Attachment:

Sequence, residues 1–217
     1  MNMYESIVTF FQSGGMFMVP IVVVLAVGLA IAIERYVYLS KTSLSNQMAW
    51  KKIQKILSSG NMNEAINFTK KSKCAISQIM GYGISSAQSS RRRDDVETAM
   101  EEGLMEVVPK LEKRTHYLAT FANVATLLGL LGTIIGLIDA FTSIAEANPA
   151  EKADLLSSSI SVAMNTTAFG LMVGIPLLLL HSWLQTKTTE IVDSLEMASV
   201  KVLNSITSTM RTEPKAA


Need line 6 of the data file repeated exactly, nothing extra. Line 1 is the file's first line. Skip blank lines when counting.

   201  KVLNSITSTM RTEPKAA